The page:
The Corn Hall film presentations moved to Diss High School in the summer, where the “on tour” flag has been kept flying ever since.
In a welcome addition to the evening, after a screening of The Goob, Guy Myhill’s debut feature, the self-effacing director spoke to an animated and engaged crowd about the challenges faced when making film on local subjects and on a tight budget.
Myhill talked about his wish to capture a Norfolk as far from the tourist spots as can be imagined - one of huge skies hanging over busted cafes that never open, and desolate cash crop farms scoured by migrant workers, and suicidal stock cars forever circling in a the perfect metaphor for lives going nowhere.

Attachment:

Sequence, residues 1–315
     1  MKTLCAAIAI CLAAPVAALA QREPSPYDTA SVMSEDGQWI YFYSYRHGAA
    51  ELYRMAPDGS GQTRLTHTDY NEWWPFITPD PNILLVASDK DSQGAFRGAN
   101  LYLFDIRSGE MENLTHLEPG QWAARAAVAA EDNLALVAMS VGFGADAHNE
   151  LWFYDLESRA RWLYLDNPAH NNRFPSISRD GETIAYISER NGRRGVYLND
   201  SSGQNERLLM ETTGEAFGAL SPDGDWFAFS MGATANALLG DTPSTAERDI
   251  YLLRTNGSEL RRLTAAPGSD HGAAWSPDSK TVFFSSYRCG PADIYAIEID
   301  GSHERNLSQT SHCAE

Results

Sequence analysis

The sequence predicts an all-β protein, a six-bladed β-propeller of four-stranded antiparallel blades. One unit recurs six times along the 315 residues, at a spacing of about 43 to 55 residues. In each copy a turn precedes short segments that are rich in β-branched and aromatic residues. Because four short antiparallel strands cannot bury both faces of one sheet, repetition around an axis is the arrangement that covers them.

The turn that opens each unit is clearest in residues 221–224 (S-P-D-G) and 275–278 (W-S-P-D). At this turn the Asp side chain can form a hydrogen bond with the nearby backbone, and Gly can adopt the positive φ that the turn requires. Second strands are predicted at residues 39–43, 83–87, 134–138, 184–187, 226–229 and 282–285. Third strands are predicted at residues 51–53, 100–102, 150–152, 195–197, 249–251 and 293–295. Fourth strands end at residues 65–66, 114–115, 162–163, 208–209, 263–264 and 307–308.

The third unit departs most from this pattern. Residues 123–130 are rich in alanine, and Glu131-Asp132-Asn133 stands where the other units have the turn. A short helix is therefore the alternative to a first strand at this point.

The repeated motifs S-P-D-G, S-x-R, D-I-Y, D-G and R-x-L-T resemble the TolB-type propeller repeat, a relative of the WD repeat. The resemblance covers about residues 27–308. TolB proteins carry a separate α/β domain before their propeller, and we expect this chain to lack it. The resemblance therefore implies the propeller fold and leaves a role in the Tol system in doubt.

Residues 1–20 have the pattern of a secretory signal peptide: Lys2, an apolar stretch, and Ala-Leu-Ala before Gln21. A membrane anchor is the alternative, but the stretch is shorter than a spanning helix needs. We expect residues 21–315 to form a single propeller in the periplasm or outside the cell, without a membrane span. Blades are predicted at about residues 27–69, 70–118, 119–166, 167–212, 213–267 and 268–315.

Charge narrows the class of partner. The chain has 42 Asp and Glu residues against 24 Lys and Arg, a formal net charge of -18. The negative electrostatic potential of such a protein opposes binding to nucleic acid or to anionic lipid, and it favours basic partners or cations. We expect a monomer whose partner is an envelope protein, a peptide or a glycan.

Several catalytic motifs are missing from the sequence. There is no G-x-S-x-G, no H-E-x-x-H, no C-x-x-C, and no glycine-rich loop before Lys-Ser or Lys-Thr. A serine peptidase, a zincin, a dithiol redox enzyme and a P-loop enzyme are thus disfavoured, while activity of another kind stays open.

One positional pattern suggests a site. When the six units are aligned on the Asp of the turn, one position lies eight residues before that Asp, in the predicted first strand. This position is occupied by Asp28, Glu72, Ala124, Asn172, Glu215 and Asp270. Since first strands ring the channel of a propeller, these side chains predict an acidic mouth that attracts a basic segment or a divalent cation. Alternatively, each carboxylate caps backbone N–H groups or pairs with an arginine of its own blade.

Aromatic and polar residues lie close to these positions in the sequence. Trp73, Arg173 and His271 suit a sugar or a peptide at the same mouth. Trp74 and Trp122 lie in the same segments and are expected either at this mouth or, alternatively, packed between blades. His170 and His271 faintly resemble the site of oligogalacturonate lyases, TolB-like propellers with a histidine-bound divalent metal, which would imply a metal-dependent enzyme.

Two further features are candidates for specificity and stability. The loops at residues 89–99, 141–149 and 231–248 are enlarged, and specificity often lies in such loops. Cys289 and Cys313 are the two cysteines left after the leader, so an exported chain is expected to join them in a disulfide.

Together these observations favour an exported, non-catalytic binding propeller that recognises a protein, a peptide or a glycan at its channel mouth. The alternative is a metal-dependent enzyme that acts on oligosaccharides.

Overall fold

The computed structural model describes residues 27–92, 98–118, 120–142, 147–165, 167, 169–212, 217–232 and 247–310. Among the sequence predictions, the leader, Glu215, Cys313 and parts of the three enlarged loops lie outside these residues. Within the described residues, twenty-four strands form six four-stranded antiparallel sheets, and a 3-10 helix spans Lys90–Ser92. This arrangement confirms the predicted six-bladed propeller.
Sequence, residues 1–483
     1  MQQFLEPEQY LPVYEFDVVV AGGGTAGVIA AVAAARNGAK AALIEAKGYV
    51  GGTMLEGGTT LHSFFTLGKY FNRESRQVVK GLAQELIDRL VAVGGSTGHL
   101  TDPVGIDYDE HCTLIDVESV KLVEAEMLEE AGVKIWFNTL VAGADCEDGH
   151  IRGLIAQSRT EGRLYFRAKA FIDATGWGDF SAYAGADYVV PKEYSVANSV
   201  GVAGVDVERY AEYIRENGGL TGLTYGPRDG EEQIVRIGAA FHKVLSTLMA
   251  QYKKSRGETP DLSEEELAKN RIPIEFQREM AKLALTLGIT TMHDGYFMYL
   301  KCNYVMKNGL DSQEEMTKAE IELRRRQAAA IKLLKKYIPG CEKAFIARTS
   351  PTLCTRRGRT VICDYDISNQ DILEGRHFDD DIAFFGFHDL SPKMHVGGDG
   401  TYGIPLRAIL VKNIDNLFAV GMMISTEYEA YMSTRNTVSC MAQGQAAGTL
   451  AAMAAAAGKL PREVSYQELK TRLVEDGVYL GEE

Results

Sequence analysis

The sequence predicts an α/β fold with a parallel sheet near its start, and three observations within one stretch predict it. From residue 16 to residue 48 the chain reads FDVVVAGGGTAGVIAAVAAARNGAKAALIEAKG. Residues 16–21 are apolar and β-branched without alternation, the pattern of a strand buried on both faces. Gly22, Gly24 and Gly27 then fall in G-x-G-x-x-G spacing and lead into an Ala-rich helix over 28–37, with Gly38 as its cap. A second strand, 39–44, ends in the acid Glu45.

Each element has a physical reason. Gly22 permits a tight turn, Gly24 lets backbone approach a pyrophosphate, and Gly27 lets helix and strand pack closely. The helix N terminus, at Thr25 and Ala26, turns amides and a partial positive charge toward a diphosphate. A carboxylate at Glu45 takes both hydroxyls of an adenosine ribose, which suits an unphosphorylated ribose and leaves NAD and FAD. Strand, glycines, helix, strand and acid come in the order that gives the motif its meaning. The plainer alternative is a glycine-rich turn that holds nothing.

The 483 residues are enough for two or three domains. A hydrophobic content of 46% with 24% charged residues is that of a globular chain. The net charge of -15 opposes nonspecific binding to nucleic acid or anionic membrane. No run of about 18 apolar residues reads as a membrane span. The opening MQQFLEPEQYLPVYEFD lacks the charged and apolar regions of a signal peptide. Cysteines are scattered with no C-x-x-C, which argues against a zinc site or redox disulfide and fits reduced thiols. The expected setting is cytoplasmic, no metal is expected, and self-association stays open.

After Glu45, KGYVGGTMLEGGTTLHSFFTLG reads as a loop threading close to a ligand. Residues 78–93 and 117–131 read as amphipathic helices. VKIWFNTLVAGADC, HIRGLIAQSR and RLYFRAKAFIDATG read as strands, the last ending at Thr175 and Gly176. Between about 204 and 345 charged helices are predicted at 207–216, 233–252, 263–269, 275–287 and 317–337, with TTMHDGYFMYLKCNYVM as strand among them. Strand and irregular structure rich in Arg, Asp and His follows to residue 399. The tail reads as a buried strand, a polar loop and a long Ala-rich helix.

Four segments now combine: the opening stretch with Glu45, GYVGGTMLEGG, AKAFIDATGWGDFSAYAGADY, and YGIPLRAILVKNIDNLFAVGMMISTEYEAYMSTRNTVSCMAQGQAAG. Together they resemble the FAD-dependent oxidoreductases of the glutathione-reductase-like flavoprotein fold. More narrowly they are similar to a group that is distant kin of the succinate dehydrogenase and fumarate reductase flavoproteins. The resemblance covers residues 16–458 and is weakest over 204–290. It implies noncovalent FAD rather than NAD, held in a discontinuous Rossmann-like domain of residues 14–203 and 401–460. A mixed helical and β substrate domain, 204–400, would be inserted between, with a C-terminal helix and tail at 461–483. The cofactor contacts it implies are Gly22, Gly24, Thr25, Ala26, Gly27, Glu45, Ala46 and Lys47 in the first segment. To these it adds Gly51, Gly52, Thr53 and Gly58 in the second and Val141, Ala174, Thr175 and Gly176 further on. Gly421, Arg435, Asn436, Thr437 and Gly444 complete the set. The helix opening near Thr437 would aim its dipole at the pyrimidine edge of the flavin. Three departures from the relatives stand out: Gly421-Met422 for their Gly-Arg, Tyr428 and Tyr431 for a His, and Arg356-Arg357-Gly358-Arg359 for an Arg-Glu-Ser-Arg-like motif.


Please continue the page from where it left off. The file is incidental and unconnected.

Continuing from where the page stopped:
His film, and description, was enough to send shivers of recognition through those of us that have driven through the bayou beyond Swaffam.
Ironically, when showing the film across Europe, he was time and again met with bewilderment that a place as flat and desolate even exists in the UK. That our county can seem so alien to others was a sobering thought.